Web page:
Tuesday, 4 September 2012
Jones gets the job
“Jones is not universally popular and Crabb is thought to have the edge between the two in the esteem of the Prime Minister. But the chances of either getting the job are low.” Yesterday’s blog. How wrong it was.
Well, it was right in predicting that Cheryl Gillan would go, but it was completely off the mark in who her replacement would be. Clearly, prophesy is not a profession the blogger should take up.
The choice of David Jones provides Wales with its first Tory Secretary of State for Wales from a Welsh constituency since Nicholas Edwards in those far off days when Mrs Thatcher was waving her handbag.
David Jones started his political journey in the Assembly. He took over the North Wales seat following Rod Richards resignation from the Assembly.
Mind you his stay in the Assembly was short, only long enough to sign the register declaring his membership of the freemasons. Apart from any ambitions he might have in the Lodge it was always Westminster that he had in his sight.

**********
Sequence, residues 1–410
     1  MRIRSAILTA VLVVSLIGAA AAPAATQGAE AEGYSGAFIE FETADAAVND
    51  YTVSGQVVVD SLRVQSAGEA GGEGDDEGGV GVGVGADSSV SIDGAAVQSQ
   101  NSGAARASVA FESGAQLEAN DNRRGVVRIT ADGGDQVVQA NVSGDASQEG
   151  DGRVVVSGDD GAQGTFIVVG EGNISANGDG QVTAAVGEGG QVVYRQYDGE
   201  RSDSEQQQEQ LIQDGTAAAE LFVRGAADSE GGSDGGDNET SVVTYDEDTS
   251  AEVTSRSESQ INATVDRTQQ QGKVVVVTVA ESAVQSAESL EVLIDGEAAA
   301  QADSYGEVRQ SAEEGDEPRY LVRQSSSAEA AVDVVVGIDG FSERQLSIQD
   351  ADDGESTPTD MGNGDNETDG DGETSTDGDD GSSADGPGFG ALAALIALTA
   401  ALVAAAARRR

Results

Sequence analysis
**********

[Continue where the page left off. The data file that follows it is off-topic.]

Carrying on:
Not a great fan of devolution. A likely cause of some tension with many an Assembly AM, not least Darren Miller the Assembly Member for Clwyd West.
Although Conservative officials were spinning that co-ordination would be easier now and Andrew R T Davies was the first person that was contacted by the new Secretary of State.
The other member that was in the frame for the job Maria Miller MP for Basingstoke, gets Culture and with it responsibility for S4C. So instead of cosy talks with Carwyn Jones about their old School it will be Cymdeithas yr Iaith that will be doing the chatting.
Back to David Jones. He is a Welsh speaker, only the second bilingual Conservative in the post. The first being Peter Thomas. Although by the time he was Secretary of State he had been turned out of his Welsh seat and was then a member for Hendon.
The post of Welsh Secretary is a bridge between the Welsh Government and the Westminster one. It will be interesting to see how David Jones fulfills the role.
On the wider reshuffle with none of the major departments changing hands it is difficult to see how the new faces in these middle ranking portfolios will refresh the governments image.
It’s still the economy, stupid. And with no changes in those that manage the economy it will be business, or the lack of it, as usual.